New Margate Sign Code presents challenges for residents and businesses alike
Human signs are out. Vehicle signs are restricted and businesses can cover windows up to 50% with signs. Single-family homes are allowed five opinion signs year around on lawns with sayings like “my daughter is army strong”; “my neighbor is a jerk” or “I worship the devil,” commissioners said when approving the new code. __________ Margate’s sign code has been revised numerous times since 1996 when the city abolished the use of pole signs for businesses. Since, city officials have attempted to adapt sign code needs alongside the economy and redevelopment - at times creating hardships for businesses in locations that can’t easily be seen by motorists. Human Signs Human signs were regulated first in Margate in 2012 to keep signs off street medians and to limit distracting movements. The novel form of advertising was tolerated as businesses in the city continued to recover from recession and needed roadside exposure to attract customers. Now with the economy in recovery city commissioners outlawed the practice effective last month. Human signs are now illegal and can be met with citations for the sign, the business or the property owner. Vehicle Signs At a workshop last year, city commissioners determined that truck signs (vehicle signs) are not only bad for the city’s image, but may discourage businesses from coming into Margate. Subsequently, the signs were strictly regulated and prohibited within 100-feet of a right of way for a period of three hours or more unless the vehicles were used in the regular course of business. Since, Margate code compliance has issued warnings and State Road 7 is looking better - though some businesses continue to make a mockery of new laws. Window Signs Window signs for Margate businesses have run rampant over the years. While city code required that only 25% of the surface area of windows be allowed signage, most exceeded the limit with some covering widows up to 100%. Vice Mayor, Tommy Ruzzano, said felt as though 50% was too little. He said numerous businesses in the Lakewood Mall and Peppertree Plaza had windows covered up to 75% and he didn’t want the city to be business “un-friendly.” Ruzzano met with resistance from Mayor, Joanne Simone and Commissioner, Frank Talerico, who both felt that allowing 50% window coverage was adequate. Talerico expressed concerned that too much window coverage would discourage investors from coming into Margate. “You look around Margate you don’t want it to look trashy. I hate to say that but these window signs are not conducive to business if you think they help your business you’re wrong. I’ll tell you why. These other cities have 25% and their businesses do fine,” Talerico said. “If you’ve got a good product I think 25% or 50% is more than enough in your windows. You don’t want it to start looking like a honky-tonk thing.” Simone said city redevelopment officials were against 75% coverage and felt 50% was enough. While the majority of cities surrounding Margate allow for 25% window coverage, commissioners agreed on 50% for Margate’s new sign code. Since the new law went into effect, businesses around the city continue to be non-compliant, including two properties (pictured above) managed by the city’s Community Redevelopment Agency to which city commissioners comprise the Board. Election Signs Classified as a temporary sign in the code, a total five Election Signs were recommended for single-family yards up to 90 days prior to an election by the Planning and Zoning (P&Z) Board. Last month, commissioners voted 4-1 to ignore the recommendation and allow the signs 12 months out of the year (year round) with Simone in dissent. The Mayor said she agreed with the P&Z Board’s recommendation to keep the signs at 90-days. Planning and Zoning Board official, Anthony Caggiano, explained P&Z’s position on the matter. “The ability to put five signs on your lawn 12 months out of the year on as many lawns as possible would make neighborhoods look trashy and make it not look good and that is the reason why we did it because we actually want our city to look good,” said Caggiano. “Five signs on a lawn for 12 months is [sic] going to piss off a lot of people’s neighbors.” Commissioners Lesa Peerman and Frank Talerico said they didn’t think political candidates would erect election signs year-round and voted to amend the proposed sign code from 60 days to 12 months for election signs. This contradicted statements made by Talerico in 2012 when the commissioner voiced concerns over too many signs creating ‘sign litter’ and causing an aesthetic nuisance. Subsequently, commissioners then decided that signs must come down within 48 hours immediately following an election. Opinion Signs Like election signs, Opinion Signs are classified as “temporary signs” in code and were originally proposed by P&Z to be allowed for 90-days a year in residential yards. Opinion signs “indicate a belief concerning an issue, name, cause, or affiliation which is not scheduled for an election. This includes, but is not limited to, signs advertising political parties or any political information,” as the definition appears in code. The most prevalent of these signs is one that reads “My Daughter is Army Strong” located in the yard of a Margate Boulevard home. As pointed out by commissioners, opinion signs are far and few between in the city. But that may change now that the signs are allowed year-round. Because government largely cannot regulate the content of speech on signs as a matter of first amendment rights, what is good for election signs is good for opinion signs, Margate City Attorney, Eugene Steinfeld, advised commissioners while deliberating code revisions. “You cannot discriminate based on the content of the sign. Any regulation of content is very rarely allowed,” Steinfeld said of federal law. Talerico gave examples of how such signs could create problems in the city. “I hate god”; “my neighbor’s a jerk”; “I worship the devil” were signs Talerico said would be allowed - and up to five per single-family household. In response, Peerman said she didn’t want to interfere with homeowner rights.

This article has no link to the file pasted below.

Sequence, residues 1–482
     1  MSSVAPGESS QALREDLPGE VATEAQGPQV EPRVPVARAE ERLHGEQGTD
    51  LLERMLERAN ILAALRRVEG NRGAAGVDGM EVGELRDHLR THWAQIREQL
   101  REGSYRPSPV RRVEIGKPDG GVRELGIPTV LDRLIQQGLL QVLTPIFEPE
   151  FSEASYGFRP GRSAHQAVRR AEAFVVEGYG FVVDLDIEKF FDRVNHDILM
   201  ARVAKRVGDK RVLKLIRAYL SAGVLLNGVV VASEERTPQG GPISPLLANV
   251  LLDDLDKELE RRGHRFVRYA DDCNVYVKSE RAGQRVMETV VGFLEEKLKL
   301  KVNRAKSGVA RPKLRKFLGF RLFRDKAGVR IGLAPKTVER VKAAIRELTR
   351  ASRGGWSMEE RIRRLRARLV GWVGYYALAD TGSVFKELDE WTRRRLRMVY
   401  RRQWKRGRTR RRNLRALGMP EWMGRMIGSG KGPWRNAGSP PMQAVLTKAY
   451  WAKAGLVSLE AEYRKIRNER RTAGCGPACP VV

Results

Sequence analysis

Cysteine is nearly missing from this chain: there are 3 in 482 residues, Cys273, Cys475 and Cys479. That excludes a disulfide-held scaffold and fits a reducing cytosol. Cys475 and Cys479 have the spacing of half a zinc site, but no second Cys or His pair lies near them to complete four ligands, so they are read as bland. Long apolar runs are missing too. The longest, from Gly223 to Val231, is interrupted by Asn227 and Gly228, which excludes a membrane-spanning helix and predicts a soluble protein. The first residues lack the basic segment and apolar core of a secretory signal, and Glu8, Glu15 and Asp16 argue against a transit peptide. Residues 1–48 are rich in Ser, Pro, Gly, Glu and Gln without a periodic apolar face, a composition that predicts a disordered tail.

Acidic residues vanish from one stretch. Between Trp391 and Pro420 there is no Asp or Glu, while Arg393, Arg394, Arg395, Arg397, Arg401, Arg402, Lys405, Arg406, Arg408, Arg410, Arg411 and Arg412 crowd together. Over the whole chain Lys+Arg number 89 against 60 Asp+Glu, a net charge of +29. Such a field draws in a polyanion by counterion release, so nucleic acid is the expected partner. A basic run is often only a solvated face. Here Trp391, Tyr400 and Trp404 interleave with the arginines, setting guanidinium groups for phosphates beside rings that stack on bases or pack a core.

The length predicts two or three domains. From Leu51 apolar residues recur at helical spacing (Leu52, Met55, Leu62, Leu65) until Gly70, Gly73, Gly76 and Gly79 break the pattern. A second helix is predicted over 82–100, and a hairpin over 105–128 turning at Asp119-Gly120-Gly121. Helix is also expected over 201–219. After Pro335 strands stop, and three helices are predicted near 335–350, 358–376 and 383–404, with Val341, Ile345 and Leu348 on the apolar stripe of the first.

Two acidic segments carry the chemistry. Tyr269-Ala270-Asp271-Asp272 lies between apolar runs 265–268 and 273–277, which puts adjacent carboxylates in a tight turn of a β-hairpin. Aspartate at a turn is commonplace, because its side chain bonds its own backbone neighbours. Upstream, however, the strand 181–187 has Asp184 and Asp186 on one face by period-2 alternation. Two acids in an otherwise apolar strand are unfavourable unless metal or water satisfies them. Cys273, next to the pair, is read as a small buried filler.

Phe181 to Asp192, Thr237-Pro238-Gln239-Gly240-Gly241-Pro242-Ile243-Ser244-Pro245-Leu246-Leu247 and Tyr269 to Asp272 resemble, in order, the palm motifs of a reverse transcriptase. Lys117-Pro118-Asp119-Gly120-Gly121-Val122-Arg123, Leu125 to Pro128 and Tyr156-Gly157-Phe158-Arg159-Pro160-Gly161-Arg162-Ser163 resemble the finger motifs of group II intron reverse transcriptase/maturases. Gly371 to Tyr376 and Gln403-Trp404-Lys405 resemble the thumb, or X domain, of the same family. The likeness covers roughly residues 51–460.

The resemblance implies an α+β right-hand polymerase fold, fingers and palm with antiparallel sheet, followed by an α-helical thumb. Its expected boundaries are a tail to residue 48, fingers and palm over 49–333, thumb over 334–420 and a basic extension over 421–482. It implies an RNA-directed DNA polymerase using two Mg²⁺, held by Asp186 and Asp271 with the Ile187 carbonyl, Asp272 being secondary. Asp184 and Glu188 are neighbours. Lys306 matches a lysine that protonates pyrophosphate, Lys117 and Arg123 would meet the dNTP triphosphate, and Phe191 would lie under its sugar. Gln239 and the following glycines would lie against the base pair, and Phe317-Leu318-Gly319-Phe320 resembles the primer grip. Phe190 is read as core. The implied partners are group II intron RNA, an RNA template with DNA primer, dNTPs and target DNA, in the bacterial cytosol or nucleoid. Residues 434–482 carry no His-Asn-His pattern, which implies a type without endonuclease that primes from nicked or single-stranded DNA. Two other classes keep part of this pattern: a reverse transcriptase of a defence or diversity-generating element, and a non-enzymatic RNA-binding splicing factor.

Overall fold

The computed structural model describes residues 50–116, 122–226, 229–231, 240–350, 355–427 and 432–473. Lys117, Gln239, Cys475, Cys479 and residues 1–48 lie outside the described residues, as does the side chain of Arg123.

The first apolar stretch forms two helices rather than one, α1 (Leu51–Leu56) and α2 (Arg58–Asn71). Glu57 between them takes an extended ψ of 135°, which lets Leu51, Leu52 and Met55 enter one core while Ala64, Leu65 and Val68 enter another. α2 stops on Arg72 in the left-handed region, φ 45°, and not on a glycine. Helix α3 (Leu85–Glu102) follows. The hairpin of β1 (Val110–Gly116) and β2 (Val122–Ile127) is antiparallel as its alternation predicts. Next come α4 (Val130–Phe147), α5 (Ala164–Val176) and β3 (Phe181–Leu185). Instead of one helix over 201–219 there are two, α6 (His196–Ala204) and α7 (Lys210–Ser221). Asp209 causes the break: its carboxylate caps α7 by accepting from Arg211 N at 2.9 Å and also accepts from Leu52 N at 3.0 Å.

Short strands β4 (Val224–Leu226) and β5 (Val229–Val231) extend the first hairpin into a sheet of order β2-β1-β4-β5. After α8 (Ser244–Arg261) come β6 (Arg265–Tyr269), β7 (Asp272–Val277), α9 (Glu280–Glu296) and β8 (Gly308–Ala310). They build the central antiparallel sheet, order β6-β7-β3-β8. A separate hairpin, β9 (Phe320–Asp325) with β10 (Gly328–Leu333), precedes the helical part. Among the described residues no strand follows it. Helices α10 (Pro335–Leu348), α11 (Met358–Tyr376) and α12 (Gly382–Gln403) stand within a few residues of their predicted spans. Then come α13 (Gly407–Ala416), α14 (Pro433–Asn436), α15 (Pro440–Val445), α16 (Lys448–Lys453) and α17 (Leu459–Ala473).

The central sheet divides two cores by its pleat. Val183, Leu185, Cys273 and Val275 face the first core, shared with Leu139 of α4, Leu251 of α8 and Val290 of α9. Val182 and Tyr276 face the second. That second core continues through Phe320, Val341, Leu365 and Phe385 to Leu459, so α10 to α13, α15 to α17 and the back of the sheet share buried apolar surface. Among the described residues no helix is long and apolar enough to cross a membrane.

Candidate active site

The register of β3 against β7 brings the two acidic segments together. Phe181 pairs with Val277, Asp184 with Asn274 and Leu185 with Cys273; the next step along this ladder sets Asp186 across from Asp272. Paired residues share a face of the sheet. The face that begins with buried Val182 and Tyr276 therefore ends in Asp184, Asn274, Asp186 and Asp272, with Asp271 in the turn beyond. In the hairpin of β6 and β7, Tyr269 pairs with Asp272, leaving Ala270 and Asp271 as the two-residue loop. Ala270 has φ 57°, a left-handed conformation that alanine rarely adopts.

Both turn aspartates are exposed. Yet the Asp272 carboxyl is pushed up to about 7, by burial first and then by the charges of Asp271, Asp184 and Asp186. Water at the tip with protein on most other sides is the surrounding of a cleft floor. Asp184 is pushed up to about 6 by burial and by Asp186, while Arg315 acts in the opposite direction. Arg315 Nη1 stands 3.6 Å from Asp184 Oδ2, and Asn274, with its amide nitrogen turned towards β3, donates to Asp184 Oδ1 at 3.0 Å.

[if !supportLineBreakNewLine]“I don’t want to impede free speech on people’s front yards that they pay taxes for and they want to say Merry Christmas, Happy Chanukah, Hail Satan or whatever they want for 12 months that is their opinion that is the right of their opinion,” she said. Although commissioners didn’t think that most would erect opinion signs in their yards all year, Simone disagreed. “I think it could happen because if we do it for 12 months it’s a possibility that people could take advantage. I kind of agree with Planning and Zoning that it’s not going to make our neighborhoods look attractive. And this gives people the opportunity to do it if they so choose,” she said. Commissioners amended (4-1) the Opinion Sign portion of the ordinance from 90-days to 12 months with Simone in dissent. [if !supportLineBreakNewLine] [endif] [endif]